By Luciano Costa
SAO PAULO (Reuters) - The Electricity Sector Monitoring Committee (CMSE), made up of government members and energy technicians, decided to maintain the use of more expensive thermoelectric plants to meet demand, after rainfall recorded below the historical average in recent months, even in the midst of a period traditionally favorable to rainfall.
Led by the Ministry of Mines and Energy, CMSE has shown concerns about the level of storage of hydroelectric power plants, Brazil's main source of generation. Since October, the collegiate has approved the use of more expensive thermals than those provided for in its system programming models, in order to preserve storage in the plant's lakes.
Despite the contribution to security of supply and to the recovery of dams, the constant use of thermal plants has been one of the factors behind the high increases in electricity bills forecast for this year.
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"The CMSE maintained the guideline for the adoption of exceptional measures for proper handling of cargo," said the Ministry of Mines and Energy on Tuesday night, after meeting the committee.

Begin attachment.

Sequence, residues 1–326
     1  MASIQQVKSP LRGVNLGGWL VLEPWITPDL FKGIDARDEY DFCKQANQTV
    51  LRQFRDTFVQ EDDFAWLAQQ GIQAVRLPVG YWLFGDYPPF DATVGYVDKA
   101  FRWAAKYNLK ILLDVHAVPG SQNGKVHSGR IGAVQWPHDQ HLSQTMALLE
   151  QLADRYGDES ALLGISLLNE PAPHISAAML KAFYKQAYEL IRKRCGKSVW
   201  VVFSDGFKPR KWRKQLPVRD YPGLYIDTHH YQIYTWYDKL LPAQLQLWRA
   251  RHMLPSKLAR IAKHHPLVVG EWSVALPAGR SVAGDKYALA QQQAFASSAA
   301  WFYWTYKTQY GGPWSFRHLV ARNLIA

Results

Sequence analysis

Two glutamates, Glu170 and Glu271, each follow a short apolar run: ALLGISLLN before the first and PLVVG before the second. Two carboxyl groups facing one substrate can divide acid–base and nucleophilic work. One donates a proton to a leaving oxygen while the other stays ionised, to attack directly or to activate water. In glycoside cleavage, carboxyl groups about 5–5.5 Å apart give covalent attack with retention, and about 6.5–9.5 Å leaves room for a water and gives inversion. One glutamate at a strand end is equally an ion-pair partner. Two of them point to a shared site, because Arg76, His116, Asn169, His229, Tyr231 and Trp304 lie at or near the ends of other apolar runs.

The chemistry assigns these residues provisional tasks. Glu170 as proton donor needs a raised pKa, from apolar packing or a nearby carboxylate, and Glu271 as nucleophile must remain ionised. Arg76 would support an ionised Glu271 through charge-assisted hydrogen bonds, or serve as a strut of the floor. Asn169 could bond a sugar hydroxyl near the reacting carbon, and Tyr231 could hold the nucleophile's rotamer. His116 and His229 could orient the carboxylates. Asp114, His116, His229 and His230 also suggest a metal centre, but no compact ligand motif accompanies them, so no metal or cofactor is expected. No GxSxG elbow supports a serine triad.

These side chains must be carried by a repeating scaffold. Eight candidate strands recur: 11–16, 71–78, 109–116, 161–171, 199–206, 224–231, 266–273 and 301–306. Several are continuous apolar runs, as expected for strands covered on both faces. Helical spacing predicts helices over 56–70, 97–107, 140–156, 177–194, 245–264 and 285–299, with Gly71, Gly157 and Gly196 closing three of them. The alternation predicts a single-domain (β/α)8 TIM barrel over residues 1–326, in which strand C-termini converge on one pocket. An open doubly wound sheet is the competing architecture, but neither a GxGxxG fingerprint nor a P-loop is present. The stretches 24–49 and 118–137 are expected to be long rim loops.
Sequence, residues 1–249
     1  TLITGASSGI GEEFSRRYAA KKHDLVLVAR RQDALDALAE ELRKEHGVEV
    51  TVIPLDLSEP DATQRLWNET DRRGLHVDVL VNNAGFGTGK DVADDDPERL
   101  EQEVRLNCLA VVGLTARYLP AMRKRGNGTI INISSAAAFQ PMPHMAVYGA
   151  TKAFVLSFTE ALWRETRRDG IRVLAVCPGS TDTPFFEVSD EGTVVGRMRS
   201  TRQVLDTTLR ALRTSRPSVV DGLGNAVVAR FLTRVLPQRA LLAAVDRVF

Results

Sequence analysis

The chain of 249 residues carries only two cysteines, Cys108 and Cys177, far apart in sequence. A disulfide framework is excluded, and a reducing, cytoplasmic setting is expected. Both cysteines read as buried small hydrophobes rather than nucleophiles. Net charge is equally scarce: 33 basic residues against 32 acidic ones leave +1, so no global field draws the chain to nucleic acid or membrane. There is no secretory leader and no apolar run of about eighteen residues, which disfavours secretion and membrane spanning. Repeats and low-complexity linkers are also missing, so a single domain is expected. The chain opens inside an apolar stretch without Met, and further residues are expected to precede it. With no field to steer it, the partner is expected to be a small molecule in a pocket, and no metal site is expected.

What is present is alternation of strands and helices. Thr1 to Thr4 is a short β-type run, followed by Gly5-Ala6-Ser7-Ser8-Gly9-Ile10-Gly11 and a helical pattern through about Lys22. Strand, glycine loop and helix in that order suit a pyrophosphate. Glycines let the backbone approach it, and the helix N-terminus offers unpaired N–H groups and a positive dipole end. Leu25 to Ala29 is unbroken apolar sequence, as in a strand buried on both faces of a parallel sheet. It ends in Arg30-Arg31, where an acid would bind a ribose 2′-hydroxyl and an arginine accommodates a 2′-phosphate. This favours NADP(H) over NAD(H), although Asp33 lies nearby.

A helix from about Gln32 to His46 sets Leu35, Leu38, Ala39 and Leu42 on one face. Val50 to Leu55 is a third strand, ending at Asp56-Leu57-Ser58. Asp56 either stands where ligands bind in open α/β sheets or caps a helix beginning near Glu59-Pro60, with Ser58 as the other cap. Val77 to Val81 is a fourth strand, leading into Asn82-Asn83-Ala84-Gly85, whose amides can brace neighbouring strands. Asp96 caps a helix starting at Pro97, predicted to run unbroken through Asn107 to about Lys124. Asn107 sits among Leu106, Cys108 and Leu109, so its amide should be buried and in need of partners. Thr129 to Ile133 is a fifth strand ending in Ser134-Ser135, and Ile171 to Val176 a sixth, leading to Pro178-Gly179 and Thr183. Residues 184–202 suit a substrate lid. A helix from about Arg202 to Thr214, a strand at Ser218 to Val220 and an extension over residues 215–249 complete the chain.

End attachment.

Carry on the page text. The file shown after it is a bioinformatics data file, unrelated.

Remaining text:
In addition to the use of thermal power plants, the CMSE has also approved energy imports from Argentina and Uruguay. At the meeting on Tuesday, the group also decided to authorize the National Electric System Operator (ONS) to schedule the activation of thermal plants using liquefied natural gas (LNG) two months in advance.
According to the CMSE, there was an improvement in the level of water reservoirs in all regions, except in the South, due to the rains in March, which practically marks the end of the so-called “wet period” in the region of the plants, traditionally started in November.
The committee noted in a note that the rains in the hydroelectric dams region in the last seven months were the worst ever recorded for the period from September to March in a history of 91 years.
"Regarding the forecast for the next few days, the prospect of sparse rains in the Southeast Region was indicated, with no prospect of significant volumes in the country, a behavior that typically characterizes the transition to the dry period," he pointed out.
ONS projected that thermal generation in the Brazilian system this week should average 4.7 gigawatts on average.
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